It says a lot that in the armed forces, sexual assault, along with exposure and voyeurism, has been formally excluded from the category of offences described as ‘inherently serious’.  It also says a lot that armed forces recruitment material promises would-be soldiers the admiration of civilians, ‘especially the girls’.  The expectation of female admiration of which such rhetoric is probably both causative and symptomatic obviously betrays a sense of entitlement, which goes some way towards explaining what we’ve seen to be the low standards of sexual behaviour among armed forces men.  It also highlights the risk to civilian women, a risk which is magnified in a climate which puts soldiers beyond criticism.  As ever with violence against women however, the greatest risk comes from partners, and women whose partners are in the armed forces have added vulnerabilities stemming from the frequent relocations that come with a forces career.  These cut soldiers’ partners off from their family and friends and make it harder for them to have jobs of their own.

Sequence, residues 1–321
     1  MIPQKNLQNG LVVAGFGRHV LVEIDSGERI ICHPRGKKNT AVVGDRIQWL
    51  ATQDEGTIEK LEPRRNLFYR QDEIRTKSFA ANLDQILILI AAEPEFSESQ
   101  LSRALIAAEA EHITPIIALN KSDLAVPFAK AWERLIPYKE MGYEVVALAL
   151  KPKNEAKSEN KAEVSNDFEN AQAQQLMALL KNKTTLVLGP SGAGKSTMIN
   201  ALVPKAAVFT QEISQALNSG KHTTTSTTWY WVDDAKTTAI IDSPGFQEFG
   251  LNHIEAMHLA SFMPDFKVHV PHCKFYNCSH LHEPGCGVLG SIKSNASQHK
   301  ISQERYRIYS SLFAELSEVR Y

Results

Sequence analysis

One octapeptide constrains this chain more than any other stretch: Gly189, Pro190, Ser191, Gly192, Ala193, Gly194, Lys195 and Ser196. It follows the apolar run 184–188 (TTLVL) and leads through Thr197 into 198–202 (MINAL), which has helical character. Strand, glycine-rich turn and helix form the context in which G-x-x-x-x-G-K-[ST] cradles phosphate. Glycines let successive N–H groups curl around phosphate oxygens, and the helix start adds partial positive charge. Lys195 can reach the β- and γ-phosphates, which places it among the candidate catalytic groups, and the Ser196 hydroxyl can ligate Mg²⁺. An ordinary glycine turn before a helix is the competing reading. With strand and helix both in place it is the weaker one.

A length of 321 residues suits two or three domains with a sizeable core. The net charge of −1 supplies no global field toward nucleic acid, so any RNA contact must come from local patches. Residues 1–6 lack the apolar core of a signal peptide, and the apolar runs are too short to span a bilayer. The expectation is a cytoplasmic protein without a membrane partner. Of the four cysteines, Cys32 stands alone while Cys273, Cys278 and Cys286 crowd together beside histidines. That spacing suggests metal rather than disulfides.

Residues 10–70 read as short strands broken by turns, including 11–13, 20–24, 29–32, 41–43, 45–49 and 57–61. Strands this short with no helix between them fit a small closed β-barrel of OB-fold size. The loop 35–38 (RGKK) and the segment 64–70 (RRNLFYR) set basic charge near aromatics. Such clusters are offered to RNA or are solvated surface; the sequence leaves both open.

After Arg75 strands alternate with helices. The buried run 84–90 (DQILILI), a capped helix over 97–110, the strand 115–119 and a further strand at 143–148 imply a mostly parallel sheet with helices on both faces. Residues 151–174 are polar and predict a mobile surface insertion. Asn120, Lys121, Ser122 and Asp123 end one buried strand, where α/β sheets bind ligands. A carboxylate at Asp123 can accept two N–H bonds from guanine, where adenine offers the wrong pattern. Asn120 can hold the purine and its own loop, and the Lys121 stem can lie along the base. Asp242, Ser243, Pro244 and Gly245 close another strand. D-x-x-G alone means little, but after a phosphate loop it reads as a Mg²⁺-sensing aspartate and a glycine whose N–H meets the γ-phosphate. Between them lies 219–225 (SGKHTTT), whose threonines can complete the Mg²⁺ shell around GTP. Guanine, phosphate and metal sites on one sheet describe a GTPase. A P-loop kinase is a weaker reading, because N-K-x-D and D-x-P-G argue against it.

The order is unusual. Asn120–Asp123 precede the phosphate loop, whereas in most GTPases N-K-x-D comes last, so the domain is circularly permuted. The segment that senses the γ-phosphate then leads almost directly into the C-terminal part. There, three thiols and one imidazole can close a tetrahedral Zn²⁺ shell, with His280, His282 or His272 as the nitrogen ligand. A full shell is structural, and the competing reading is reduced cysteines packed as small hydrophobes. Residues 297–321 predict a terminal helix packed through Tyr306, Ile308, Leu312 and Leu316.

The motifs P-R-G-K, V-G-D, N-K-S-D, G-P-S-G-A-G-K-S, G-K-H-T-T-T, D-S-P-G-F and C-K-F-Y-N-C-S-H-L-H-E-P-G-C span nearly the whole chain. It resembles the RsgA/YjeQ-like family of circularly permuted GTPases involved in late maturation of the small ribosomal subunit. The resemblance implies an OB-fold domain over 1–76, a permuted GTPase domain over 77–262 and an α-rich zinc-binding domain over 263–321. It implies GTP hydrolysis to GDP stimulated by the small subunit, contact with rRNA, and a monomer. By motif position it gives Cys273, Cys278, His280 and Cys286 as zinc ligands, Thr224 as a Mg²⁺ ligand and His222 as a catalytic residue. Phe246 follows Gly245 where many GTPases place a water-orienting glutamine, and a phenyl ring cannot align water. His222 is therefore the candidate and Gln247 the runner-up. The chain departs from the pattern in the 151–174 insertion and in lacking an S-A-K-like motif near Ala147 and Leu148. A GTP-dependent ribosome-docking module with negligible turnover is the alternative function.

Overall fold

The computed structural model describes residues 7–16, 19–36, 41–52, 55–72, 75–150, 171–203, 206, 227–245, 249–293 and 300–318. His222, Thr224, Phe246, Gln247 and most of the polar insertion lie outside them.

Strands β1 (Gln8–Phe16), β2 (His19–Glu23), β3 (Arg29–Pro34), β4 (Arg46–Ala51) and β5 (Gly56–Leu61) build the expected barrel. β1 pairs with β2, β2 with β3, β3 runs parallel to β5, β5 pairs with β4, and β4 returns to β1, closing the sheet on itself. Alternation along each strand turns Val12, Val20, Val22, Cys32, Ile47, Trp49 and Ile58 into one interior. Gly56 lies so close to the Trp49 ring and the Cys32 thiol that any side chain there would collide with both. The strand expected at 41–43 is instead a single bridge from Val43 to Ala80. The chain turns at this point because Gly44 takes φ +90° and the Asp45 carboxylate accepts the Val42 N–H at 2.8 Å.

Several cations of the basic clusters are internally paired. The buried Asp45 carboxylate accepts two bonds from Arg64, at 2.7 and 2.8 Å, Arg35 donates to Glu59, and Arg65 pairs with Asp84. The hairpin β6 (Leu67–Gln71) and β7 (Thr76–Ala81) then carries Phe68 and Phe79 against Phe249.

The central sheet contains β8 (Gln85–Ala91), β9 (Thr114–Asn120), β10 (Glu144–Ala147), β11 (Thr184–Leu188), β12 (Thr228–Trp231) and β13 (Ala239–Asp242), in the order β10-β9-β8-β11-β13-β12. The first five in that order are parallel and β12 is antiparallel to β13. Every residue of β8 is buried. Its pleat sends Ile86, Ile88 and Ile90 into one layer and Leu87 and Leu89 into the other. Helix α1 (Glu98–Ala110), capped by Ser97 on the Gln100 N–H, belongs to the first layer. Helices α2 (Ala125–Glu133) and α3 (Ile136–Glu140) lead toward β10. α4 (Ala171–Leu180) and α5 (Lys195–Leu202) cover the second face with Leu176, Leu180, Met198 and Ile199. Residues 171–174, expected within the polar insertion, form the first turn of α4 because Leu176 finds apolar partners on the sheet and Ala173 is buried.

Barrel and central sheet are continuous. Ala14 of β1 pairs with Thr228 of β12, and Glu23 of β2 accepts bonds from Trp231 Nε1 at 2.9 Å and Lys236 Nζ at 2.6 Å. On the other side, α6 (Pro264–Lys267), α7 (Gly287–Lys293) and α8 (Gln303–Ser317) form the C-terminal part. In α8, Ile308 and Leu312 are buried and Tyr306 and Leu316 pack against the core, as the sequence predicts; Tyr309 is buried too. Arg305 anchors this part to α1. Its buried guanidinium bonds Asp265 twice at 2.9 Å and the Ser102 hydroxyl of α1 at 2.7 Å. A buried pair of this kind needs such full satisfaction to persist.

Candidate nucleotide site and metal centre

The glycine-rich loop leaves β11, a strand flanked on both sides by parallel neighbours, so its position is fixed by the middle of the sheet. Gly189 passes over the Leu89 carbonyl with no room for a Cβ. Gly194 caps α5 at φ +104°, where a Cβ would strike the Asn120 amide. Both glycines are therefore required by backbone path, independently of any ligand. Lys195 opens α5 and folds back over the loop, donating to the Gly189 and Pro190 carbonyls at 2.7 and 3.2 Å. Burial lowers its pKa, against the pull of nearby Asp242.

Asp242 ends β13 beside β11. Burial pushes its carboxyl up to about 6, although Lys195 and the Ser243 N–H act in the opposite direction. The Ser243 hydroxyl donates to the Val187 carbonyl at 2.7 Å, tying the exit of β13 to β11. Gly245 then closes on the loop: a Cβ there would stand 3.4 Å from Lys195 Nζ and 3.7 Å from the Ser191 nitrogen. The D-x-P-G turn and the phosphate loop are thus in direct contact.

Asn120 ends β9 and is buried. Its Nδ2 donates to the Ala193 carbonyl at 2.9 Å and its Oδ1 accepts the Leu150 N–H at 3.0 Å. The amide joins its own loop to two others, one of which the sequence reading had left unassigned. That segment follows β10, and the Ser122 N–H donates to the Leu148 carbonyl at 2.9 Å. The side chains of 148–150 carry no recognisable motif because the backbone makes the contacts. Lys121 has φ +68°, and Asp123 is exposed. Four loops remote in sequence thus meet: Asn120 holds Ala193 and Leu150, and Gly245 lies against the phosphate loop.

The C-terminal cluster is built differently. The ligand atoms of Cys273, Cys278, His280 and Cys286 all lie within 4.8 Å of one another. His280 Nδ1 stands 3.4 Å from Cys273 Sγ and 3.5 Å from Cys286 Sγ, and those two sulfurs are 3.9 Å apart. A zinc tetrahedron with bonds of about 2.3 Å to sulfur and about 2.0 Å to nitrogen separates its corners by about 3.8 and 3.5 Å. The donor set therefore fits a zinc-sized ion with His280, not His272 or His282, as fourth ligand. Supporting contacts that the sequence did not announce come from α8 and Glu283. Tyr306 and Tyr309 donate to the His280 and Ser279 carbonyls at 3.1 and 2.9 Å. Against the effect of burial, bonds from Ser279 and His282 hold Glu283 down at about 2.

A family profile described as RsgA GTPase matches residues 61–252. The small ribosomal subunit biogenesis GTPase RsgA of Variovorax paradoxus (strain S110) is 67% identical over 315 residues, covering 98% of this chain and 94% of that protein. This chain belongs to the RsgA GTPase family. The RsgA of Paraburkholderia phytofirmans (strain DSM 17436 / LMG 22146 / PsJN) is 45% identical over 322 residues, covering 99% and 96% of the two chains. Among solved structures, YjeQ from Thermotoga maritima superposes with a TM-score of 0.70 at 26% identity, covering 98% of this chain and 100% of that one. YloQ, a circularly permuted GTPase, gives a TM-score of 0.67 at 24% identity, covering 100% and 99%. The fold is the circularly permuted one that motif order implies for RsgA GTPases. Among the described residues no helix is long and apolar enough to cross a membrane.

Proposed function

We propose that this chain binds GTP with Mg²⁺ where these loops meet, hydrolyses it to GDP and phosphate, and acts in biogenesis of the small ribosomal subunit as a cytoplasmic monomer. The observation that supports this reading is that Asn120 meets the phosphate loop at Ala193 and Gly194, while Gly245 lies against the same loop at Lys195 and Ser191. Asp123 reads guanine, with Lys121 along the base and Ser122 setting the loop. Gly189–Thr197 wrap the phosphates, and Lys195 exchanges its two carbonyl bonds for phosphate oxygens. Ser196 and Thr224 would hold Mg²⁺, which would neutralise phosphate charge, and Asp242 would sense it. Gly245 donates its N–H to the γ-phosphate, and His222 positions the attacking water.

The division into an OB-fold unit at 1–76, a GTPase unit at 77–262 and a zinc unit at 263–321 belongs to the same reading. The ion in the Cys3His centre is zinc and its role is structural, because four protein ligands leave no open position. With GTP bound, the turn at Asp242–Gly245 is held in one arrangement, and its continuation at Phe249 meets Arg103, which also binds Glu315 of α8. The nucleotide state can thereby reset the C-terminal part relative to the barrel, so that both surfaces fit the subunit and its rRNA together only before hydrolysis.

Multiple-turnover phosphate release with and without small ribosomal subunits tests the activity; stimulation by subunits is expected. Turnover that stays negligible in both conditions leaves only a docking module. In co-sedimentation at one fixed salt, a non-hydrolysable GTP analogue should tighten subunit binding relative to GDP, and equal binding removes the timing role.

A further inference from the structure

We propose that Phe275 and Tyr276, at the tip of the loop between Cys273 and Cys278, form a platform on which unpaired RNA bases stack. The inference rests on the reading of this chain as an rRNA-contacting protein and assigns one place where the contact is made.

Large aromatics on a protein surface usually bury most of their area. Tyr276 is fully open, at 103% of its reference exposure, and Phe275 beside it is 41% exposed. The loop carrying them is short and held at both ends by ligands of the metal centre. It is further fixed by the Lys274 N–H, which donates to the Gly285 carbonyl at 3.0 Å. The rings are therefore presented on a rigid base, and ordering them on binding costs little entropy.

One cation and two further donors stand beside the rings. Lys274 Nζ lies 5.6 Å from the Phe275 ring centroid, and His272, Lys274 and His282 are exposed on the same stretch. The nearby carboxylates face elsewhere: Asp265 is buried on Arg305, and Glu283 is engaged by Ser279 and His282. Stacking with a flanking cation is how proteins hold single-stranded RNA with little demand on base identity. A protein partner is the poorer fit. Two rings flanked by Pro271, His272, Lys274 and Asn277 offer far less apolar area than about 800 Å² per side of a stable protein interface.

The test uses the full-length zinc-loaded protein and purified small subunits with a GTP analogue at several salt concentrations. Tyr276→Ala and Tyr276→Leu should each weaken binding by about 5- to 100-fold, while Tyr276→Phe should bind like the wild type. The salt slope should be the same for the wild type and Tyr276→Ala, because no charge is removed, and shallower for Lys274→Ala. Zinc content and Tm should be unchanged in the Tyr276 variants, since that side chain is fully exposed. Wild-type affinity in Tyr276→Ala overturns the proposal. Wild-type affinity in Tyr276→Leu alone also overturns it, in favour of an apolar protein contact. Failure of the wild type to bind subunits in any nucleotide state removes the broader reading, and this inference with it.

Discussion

There’s very little for feminists to celebrate in Armed Forces Day then, nor for LGBT/ queer activists to welcome about a forces presence at Pride: no more than there would be to welcome about the presence of UKIP, say, or even less.  The armed forces get to score cheap equality and diversity points, while their own equality and diversity research opens the door onto just how far from deserving those points they are.


Armed Forces Day parade, Cardiff 2010. Image made available at for reuse under the OGL (Open Government License).